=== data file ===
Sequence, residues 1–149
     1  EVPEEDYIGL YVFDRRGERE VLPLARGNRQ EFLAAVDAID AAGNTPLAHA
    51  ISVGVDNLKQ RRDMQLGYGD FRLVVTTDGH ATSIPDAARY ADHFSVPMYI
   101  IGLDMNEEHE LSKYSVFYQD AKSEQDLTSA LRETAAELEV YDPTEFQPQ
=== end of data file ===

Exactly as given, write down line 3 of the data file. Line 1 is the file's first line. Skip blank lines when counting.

    51  ISVGVDNLKQ RRDMQLGYGD FRLVVTTDGH ATSIPDAARY ADHFSVPMYI